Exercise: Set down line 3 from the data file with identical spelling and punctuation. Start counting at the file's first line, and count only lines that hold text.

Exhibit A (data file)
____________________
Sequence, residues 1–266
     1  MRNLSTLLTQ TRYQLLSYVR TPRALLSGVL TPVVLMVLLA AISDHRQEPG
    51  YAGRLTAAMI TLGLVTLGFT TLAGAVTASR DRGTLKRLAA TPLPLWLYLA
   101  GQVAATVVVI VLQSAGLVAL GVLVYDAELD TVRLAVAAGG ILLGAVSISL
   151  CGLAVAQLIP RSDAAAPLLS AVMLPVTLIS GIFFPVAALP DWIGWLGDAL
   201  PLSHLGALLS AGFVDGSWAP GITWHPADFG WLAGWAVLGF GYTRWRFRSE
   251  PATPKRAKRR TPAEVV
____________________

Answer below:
    51  YAGRLTAAMI TLGLVTLGFT TLAGAVTASR DRGTLKRLAA TPLPLWLYLA